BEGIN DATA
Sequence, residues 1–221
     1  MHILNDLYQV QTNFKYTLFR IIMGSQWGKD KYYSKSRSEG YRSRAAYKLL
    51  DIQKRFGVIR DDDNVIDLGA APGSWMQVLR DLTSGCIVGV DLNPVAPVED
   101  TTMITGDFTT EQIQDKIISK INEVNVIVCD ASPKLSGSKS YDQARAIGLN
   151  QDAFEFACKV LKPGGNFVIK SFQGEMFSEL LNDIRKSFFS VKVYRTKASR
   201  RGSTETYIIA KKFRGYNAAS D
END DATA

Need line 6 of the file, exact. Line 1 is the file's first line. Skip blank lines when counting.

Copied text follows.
   201  RGSTETYIIA KKFRGYNAAS D